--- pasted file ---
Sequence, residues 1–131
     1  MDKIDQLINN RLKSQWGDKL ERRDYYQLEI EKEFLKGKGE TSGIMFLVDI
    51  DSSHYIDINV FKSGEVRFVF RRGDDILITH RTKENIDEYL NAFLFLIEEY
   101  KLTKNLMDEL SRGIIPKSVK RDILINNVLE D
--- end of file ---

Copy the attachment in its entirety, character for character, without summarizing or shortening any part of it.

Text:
Sequence, residues 1–131
     1  MDKIDQLINN RLKSQWGDKL ERRDYYQLEI EKEFLKGKGE TSGIMFLVDI
    51  DSSHYIDINV FKSGEVRFVF RRGDDILITH RTKENIDEYL NAFLFLIEEY
   101  KLTKNLMDEL SRGIIPKSVK RDILINNVLE D